The 2013 Gemmell Awards are finally over. I think the Gemmells are a more accurate than other awards like the Hugos because it seems like the fans and readers actually have an impact. Everyone gets to vote in each category. Nobody has to pay to vote. Then again, many people have pointed out that authors can fish for votes, which is also entirely true. The Gemmell Awards began back in 2009 with only one winner – that of best novel – and it went to Andrzej Sapkowski for his Witcher novel Blood of Elves.  I’m a big fan of the debut category, where new authors have a crack at winning an award rather than having to compete with established authors.

The Gemmell Awards are split into three categories: Legend for best novel, Morningstar for best debut, and Ravenheart for best cover art. The shortlists for 2013 were the following, and the winners are in bold:

Joe Abercrombie: Red Country
Jay Kristoff:
Mark Lawrence:
 King of Thorns
Helen Lowe:
 The Gathering of the Lost
Brent Weeks:
 The Blinding Knife

This one wasn’t a particular surprise to anyone. The Blinding Knife has been praised by most who have read it, and Weeks is a writer of immense talent. It’s also interesting to note that sequels have a chance to win the Legend, as is the case this year where four of the five nominees were sequels (though Red Country is a quasi-sequel).


Saladin Ahmed: Throne of the Crescent Moon
Miles Cameron:
 The Red Knight
John Gwynne:
Aidan Harte:
Jay Kristoff:

The Morningstar was very up in the air this year. Many thought Ahmed’s Throne would win, as it has been fairly well praised, especially in its unique and fresh Arabic setting. The only one I’ve read of the five is Miles Cameron’s The Red Knight, which I thought was fantastic, so it had my vote. Rumor has it that Miles is also the pseudonym for historical fiction author Christian Cameron, which, if true, shows amazing versatility. Stormdancer has received some mixed praise, with most of the complaints coming with the fact that the book advertised itself as “authentic” to Japanese culture when in fact it was anything but, so it was anyone’s guess. Harte’s Irenicon and Gwynne’s Malice are both somewhat unknown, especially in comparison to the other nominees. The latter’s victory came as a complete surprise to many, including myself, and should give everyone incentive to read it.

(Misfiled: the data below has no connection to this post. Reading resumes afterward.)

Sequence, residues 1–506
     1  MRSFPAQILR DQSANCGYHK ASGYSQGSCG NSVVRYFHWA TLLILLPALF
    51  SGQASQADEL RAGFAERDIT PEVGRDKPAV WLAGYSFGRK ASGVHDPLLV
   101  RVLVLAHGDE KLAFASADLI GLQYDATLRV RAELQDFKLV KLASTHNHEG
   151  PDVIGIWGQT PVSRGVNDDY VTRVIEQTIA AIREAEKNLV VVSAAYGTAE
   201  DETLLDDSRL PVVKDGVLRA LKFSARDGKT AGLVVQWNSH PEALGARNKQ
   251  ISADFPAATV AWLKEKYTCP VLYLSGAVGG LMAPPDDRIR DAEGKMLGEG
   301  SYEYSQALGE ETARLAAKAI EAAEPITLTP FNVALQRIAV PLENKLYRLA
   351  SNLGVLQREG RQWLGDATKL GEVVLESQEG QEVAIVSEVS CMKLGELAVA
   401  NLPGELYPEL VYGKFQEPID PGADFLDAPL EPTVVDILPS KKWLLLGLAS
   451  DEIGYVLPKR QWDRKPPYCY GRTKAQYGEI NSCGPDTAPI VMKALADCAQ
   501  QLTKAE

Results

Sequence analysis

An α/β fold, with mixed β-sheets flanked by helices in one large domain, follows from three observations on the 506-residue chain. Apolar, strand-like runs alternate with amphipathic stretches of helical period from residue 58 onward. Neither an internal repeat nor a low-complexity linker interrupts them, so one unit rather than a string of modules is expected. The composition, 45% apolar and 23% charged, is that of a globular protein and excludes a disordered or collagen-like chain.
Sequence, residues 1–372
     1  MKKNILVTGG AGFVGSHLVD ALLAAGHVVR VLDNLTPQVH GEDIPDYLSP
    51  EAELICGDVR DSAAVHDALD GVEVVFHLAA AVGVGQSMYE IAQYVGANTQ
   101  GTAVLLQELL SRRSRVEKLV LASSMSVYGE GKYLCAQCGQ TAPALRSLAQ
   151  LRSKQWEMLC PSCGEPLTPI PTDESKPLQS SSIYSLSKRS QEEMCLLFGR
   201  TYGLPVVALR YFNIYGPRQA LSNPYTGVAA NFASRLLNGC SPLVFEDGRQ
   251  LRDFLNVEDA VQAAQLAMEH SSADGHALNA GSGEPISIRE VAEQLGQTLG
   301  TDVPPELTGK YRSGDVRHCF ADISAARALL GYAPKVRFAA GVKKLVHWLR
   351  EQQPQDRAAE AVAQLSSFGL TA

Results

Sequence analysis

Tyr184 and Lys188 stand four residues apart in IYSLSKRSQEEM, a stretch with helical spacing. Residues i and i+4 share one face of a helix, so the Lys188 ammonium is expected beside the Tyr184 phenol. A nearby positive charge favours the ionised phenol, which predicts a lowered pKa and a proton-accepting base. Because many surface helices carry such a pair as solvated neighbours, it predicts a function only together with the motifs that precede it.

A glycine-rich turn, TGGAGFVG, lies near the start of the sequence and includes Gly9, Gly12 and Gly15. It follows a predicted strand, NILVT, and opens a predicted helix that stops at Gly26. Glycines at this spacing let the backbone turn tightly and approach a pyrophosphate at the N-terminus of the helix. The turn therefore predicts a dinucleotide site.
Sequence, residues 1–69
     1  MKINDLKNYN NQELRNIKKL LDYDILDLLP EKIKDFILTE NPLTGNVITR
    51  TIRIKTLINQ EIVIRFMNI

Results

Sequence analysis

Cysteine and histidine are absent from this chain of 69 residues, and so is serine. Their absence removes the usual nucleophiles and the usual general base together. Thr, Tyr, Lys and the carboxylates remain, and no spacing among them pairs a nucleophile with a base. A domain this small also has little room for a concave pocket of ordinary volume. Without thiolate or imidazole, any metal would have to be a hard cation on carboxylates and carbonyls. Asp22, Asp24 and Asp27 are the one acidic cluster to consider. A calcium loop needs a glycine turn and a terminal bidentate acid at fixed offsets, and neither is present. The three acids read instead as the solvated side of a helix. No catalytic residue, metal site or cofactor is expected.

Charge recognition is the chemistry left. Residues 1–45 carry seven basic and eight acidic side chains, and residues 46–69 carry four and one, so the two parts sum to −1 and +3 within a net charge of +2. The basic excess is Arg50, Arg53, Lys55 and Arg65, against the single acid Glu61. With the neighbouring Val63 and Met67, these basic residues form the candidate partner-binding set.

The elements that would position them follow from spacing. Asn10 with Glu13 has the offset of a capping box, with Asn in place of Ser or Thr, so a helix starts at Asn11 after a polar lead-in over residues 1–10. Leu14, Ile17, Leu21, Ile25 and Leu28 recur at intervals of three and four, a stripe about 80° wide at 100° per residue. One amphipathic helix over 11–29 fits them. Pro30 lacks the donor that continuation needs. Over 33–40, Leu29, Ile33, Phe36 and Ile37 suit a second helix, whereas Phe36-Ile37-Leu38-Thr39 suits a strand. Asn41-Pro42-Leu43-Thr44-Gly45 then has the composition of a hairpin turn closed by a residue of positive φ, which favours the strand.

Didier Graffet and Dave Senior, for Red Country by Joe Abercrombie
Dominic Harman, for
 Legion of Shadow by Michael J. Ward
Clint Langley, for
 Besieged by Rowenna Cory Daniells
Silas Manhood, for
 The Blinding Knife by Brent Weeks
Colin Thomas, for
 Stormdancer by Jay Kristoff
Stephen Youll, for
 The Black Mausoleum by Stephen Deas 

And since the Ravenheart is strictly about covers, here are the nominees (click for a larger image):


It’s easy to see why Red Country took this one home. The map, bloody knife, and coins fit the world so well and make for a very gritty but elegant cover. Destiny Quest is nothing particularly interesting and Besieged has way too much Daenerys Targaryen going on. The Blinding Knife is the cloaked/hooded man that is everywhere in fantasy. Stormdancer is also quite elegant, but I think the unrest due to the misrepresented culture killed its chance. Finally, The Black Mausoleum has one of the most impressively depicted dragons I’ve seen on a cover and I wouldn’t have been surprised to see it win.

There you have it. What books would you like to see shortlisted/victorious in next year’s Gemmells?

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